MSVU Social Media Course Blog

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Embrace the Internet but don’t leave some employees behind

To gauge the importance of the Internet for the field of public relations we need not look any further than our classes this week. Without new technologies made possible through the internet, such as Skype and Twitter, we would never have been able to speak with Harold Simons in such a personal and effective manner and we would not have gotten the real world, real time experience of Ben and Kimberly’s Twitter experiment. 

The reading for this week by Paul Christ discusses the need for public relations professionals to embrace Internet technologies or be left in the dust, so to speak. I think, thanks to this social media class we are being taught very important and applicable lessons for our future careers that will certainly give us an edge as we search for employment in the future.

Rogers Plus internal communications strategy embraces the Internet in the way that Christ’s article suggests. One of the primary reasons offered by Christ as to why PR practitioners need to embrace Internet communication is because it is now one of the main ways people receive information. As an organization one must examine where their stakeholders get information and provide it through that portal. Simons did a great job with that. As most of Rogers Plus employees fit the 18-24 demographic they would most likely get their information via the Internet. By providing employee information via the ning site, he has made the information available in a way that they will most likely use.

Further, the Christ article, though it doesn’t speak to internal communications specifically, suggests that using the Internet helps to “develop stronger relationships with stakeholders [as] they can tailor their services to meet stakeholders’ needs.” This is evident through the initial success of the Rogers Plus employee site.  They found out what the employees needed from them and provided it through a custom site made especially for employees.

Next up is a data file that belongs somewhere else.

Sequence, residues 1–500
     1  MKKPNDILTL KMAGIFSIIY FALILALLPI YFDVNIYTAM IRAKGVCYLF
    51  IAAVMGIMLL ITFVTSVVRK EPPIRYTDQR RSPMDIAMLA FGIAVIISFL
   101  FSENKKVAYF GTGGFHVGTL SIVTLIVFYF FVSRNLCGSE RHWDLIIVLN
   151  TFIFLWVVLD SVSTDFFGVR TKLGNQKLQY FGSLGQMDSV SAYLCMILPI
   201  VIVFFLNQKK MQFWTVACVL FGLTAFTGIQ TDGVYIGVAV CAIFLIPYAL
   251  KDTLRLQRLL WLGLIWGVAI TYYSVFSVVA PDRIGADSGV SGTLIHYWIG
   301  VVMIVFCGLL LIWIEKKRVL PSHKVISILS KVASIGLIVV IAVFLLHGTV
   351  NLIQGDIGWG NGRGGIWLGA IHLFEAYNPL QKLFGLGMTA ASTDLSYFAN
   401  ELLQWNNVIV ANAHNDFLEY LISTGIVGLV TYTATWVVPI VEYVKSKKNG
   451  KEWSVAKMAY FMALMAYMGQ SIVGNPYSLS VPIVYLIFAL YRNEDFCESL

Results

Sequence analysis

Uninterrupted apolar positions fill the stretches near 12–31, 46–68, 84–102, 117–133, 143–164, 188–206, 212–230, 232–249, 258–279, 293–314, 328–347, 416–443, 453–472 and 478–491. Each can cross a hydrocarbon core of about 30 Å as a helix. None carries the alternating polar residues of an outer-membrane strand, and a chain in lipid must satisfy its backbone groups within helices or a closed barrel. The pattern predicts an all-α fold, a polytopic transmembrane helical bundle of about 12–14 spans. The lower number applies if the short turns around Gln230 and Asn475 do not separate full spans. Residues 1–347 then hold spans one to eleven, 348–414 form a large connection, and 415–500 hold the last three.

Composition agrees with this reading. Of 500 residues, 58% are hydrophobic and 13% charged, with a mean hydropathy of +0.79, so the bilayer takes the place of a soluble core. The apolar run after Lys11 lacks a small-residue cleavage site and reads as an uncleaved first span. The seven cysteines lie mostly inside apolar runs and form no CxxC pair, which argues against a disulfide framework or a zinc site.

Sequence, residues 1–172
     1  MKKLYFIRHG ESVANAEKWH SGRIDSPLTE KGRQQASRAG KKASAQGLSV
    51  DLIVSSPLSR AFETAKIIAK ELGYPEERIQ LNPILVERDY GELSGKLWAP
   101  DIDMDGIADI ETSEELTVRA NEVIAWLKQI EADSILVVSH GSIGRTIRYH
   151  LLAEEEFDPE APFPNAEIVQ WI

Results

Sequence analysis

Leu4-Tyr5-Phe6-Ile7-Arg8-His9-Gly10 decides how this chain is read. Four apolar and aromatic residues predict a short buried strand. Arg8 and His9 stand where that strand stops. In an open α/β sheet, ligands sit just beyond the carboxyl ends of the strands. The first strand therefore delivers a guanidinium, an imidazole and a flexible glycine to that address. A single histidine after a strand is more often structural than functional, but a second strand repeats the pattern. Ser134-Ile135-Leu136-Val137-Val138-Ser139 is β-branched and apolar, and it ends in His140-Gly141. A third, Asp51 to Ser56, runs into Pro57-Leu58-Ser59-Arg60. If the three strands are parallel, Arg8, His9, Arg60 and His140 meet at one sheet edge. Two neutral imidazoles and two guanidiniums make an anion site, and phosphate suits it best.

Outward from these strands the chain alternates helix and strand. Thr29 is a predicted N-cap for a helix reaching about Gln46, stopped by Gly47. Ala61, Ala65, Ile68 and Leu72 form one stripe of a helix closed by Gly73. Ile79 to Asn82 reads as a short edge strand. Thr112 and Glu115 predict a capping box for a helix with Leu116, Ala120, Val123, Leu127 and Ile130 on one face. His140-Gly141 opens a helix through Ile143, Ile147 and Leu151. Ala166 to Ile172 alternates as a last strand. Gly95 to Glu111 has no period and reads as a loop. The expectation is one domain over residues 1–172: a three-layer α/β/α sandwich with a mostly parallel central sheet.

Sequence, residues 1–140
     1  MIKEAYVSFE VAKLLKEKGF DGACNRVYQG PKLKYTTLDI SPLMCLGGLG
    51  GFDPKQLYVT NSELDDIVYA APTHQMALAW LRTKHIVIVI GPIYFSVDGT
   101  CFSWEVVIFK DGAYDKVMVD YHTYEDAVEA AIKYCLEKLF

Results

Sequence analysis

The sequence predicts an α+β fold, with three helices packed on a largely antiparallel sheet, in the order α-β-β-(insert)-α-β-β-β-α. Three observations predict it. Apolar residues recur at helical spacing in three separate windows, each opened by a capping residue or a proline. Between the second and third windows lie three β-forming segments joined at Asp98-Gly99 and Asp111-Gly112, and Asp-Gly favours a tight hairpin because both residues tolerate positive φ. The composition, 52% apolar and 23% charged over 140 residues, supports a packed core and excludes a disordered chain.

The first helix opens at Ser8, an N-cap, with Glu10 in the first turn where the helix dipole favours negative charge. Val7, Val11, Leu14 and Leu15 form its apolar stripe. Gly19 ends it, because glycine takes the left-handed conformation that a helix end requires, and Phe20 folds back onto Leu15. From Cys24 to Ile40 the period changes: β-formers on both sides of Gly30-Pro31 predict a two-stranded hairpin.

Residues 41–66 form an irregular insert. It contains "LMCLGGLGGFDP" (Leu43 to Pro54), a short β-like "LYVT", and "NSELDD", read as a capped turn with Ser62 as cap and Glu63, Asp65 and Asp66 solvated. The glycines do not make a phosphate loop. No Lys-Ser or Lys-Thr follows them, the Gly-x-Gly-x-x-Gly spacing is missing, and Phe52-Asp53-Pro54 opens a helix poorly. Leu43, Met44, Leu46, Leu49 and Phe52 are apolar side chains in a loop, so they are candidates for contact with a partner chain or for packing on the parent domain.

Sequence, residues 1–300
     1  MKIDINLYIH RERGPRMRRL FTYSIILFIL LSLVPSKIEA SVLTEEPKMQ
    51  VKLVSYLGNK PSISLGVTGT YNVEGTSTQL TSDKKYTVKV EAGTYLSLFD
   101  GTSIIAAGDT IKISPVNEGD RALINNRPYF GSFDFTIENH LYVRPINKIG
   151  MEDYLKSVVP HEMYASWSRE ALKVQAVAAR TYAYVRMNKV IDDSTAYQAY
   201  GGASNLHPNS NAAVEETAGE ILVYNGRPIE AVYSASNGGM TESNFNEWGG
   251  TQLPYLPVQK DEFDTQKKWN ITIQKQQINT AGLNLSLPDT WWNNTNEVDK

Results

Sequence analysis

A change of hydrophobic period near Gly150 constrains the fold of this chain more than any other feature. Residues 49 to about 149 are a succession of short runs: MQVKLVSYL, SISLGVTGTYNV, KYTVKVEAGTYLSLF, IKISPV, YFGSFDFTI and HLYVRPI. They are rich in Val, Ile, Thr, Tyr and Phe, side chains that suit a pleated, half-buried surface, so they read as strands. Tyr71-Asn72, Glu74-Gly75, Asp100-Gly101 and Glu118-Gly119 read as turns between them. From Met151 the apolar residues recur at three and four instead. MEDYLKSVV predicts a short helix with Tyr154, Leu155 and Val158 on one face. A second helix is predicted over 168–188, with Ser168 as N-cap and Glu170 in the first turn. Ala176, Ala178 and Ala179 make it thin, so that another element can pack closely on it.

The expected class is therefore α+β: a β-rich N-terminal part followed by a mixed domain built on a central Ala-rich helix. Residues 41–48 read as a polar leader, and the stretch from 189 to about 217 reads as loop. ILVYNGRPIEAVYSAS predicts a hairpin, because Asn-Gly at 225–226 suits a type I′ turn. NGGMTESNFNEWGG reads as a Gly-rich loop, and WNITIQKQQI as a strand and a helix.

With all this in mind I still wonder: what does Rogers Plus do if a new employee doesn’t have access to the Internet? We (especially those of us who embrace social media like us) like to think that everyone we are trying to reach with our messaging has access to the Internet; but in reality that is not quite the case. As mentioned in a previous class, upwards of 80 per cent of Nova Scotians are without high-speed access. Is it really reasonable to expect that everyone will have the ability to do this training from home? This got me thinking about my own experience. When I started work at the NSLC, I had to do online training modules similar to the Rogers model. The option wasn’t even provided for me to do them at the work place. I didn’t think much of it at the time, but thinking back I now realize the importance of providing another option to new employees so that messaging gets across clearly and so that the organization doesn’t make anyone feel left out. More than that, employee training isn’t an optional message. If the message isn’t getting to those who absolutely need it to do their job then as a PR professional you have not done yours.

Any suggestions as to how to bridge the technological divide between new employees? Perhaps a shared employee computer at the work place providing access to the site?

June 5, 2009 Posted by | Comment on Course Material | , , , , , | 1 Comment

What’s All the Hype? SKYPE!

Today’s class was one of the coolest yet.  Thanks again to Harold for the early wake up! This was my first time using Skype, as I think it was for many of us, and I truly enjoyed the experience. How technically savvy AM I now?

Using Skype was very eye opening. It made me realize just HOW MUCH social media is taking over . What I’m unsure of is however,  is that necessarily a bad thing?